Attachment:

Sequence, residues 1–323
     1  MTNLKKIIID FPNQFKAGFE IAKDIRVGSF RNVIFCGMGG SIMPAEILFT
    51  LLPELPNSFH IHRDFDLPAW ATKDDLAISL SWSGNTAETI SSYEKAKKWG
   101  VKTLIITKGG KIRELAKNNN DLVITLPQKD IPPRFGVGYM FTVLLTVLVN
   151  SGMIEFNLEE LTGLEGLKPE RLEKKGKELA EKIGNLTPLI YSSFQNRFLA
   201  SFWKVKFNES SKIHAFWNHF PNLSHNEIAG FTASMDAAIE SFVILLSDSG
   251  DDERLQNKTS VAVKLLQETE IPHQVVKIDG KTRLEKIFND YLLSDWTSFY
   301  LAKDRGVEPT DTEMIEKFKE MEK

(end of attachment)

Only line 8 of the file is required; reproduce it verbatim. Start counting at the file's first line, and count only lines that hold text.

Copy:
   301  LAKDRGVEPT DTEMIEKFKE MEK